(Bloomberg Gadfly) -- The seminal financial event of this year, the current decade, and possibly our generation is here: Futures trading in bitcoin has begun.
But the derivative that would really damp the current crypto frenzy and make digital tokens a speculator-friendly -- if not investment-worthy -- commodity, currency, tulip, or whatever, isn't futures. It's options.
It's hard to see how even existing futures trading rules can deal with something as volatile as bitcoin.
Cboe Global Markets Inc. began offering them on Sunday, and soon they'll be available on CME Group Inc. Brokers including E*Trade Financial Corp., TD Ameritrade Holding Corp. and Ally Financial Inc. will probably follow suit. But as Lily Katz of Bloomberg News notes, if Thursday's price movements were to be mirrored in futures contracts, trading would have to be paused or suspended a number of times throughout the day.
The hope is this chaotic state of affairs will change. Once it's possible for large pools of institutional liquidity to bet against an irrationally high (or low) futures price in relation to the spot, the latter will also steady.
To speed up stabilization, though, you need options.
A one-month futures price of, say, $16,000 only tells you that if you sell a bitcoin when it's going for $16,704, and buy a futures contract expiring in a month, you're effectively earning a bitcoin rate of interest of 57 percent, annualized.
Whether investors judge that to be too high or too low given all the other interest rates in the economy, including, most importantly, the U.S. dollar one of 1.52 percent, will see spot and futures prices adjust accordingly. That discovery would be a lot quicker if extreme views -- those who think bitcoin will be $100,000 in a month and those who bet it'll be $1,000 -- get squeezed out of the market. What futures prices won't tell us is the dispersion of expectations and their probabilities.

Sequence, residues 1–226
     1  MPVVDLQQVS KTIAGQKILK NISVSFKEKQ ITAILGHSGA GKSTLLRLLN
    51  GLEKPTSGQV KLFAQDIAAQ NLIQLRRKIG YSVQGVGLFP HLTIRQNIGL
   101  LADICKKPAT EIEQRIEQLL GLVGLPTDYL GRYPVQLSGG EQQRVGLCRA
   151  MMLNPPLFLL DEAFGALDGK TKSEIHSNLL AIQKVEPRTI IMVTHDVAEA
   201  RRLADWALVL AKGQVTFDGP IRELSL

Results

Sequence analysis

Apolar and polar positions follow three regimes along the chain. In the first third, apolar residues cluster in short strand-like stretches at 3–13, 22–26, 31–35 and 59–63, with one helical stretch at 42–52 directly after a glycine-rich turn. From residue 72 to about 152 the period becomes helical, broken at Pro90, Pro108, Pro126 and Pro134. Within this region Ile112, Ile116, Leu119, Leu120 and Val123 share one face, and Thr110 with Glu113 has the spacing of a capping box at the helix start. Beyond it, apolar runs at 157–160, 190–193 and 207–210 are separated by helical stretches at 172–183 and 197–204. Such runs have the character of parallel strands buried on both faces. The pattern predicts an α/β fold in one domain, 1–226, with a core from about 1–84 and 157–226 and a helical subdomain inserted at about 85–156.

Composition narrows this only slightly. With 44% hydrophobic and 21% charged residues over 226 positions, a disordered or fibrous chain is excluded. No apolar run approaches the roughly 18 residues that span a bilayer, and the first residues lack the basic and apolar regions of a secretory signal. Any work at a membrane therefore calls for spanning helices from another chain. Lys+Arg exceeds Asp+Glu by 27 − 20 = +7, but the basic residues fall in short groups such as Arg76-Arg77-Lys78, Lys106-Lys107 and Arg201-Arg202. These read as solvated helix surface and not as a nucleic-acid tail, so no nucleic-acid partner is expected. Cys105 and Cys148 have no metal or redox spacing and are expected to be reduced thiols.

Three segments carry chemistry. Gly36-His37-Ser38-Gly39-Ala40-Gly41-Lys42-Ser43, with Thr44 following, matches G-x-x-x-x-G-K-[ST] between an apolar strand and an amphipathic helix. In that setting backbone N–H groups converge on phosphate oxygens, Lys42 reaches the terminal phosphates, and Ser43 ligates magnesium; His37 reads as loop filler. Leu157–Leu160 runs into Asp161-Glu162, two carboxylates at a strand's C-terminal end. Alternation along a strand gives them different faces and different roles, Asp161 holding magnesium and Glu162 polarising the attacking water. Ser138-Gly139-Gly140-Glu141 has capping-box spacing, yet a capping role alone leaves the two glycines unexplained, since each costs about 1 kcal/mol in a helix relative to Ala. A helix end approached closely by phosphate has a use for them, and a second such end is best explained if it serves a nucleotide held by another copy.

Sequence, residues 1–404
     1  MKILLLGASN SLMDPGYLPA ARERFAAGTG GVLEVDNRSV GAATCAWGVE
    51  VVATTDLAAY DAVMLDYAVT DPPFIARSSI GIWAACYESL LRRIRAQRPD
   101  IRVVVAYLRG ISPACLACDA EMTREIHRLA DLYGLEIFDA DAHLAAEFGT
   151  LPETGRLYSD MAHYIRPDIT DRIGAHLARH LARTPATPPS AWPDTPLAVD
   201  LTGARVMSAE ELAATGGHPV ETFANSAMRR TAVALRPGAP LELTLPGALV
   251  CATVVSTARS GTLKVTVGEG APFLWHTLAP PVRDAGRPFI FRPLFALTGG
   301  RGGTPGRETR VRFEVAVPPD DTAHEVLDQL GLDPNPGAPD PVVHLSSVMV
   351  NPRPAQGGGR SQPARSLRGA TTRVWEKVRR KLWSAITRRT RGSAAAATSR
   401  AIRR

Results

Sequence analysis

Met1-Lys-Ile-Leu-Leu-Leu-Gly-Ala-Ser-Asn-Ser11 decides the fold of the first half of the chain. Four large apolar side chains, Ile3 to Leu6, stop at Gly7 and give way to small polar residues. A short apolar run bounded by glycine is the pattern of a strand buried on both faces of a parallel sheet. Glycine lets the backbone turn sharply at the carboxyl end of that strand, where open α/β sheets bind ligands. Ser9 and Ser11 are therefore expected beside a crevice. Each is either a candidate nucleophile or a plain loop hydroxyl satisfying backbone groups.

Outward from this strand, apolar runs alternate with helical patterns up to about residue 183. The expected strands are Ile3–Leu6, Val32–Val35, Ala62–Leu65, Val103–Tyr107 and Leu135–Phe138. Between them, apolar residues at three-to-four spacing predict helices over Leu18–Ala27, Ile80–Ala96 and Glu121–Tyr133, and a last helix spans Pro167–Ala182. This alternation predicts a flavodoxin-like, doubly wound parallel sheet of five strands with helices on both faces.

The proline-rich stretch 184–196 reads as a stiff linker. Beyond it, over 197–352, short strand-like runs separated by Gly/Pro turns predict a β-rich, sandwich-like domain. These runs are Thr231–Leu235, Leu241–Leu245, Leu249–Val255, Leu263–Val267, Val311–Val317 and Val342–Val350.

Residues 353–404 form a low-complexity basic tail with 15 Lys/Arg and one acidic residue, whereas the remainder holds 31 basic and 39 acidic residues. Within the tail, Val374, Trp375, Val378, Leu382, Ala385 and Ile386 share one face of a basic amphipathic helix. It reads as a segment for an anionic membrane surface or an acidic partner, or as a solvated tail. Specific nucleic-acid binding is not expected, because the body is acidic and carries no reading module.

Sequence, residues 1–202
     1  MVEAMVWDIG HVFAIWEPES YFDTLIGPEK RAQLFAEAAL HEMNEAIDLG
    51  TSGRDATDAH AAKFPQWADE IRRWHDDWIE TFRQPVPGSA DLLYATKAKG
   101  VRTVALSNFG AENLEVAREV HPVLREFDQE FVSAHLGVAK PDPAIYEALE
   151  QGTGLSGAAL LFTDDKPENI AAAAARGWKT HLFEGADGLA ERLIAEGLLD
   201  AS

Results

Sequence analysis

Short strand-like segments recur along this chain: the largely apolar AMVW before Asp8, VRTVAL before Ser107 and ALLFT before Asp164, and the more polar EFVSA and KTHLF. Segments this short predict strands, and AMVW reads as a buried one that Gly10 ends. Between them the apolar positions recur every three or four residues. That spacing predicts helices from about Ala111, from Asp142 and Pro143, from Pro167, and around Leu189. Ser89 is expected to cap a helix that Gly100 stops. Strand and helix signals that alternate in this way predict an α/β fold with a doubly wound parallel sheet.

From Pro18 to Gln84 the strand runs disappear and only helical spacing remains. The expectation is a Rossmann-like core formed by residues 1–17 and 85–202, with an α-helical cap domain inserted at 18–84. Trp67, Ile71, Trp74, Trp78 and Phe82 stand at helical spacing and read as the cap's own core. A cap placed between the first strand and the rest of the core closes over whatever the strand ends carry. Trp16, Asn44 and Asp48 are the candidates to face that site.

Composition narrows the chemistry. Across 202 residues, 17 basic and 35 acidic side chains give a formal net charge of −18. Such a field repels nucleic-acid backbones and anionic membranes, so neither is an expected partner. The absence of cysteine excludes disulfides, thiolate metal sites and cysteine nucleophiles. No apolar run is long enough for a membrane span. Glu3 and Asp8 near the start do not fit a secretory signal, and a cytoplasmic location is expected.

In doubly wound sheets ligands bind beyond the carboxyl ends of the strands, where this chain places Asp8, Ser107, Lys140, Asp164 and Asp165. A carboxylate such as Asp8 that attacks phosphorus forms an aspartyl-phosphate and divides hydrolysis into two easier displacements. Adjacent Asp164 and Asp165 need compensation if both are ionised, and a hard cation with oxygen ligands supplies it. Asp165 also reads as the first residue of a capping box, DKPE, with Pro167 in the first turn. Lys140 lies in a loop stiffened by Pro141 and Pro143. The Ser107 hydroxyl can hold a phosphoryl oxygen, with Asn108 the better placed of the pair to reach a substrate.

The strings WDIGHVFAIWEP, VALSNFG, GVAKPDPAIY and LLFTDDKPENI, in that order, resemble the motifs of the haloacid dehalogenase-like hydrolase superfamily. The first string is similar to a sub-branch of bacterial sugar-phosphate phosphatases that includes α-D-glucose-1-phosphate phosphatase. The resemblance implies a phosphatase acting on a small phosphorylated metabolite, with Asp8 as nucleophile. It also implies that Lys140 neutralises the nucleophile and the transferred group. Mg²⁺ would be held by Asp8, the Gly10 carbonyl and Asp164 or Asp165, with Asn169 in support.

Pelham Smithers Associates and Albert Maass have done a useful analysis of bitcoin options on futures contracts that currently trade on Deribit, a European derivatives bourse for the digital currency. They constructed an at-the-money "straddle" around a strike price of $12,000 on Dec. 5 by buying two bitcoin call options for that amount and one put. The structure would only make money if the March futures price went above $18,000 in a month (i.e., by early January), or fell to $9,000 or less.
Bitcoin options, in their current form, only reward expectations of abnormality: a price gain of 50 percent or more, or an erosion of at least 25 percent, in one month. As the analysts noted, "options are so rich, you need a big move up or down in bitcoin to justify their price." A straddle on the British pound, by contrast, would make money if the exchange rate moved by just 2 percent either side.
Put another way, extreme views are ruling bitcoin. The only antidote is to have a mainstream venue like CME or Cboe offer options, so that irrational exuberance (or pessimism) is edged out. Exchanges, however, are already getting flak, including from some of the world's biggest derivative brokers, for rushing the contracts to market without thinking through the risks.
For the foreseeable future, bitcoin options look set to remain a boutique parlor game, where cranks will dominate. That's a missed opportunity to tame this beast.
This column does not necessarily reflect the opinion of Bloomberg LP and its owners.
Andy Mukherjee is a Bloomberg Gadfly columnist covering industrial companies and financial services. He previously was a columnist for Reuters Breakingviews. He has also worked for the Straits Times, ET NOW and Bloomberg News.
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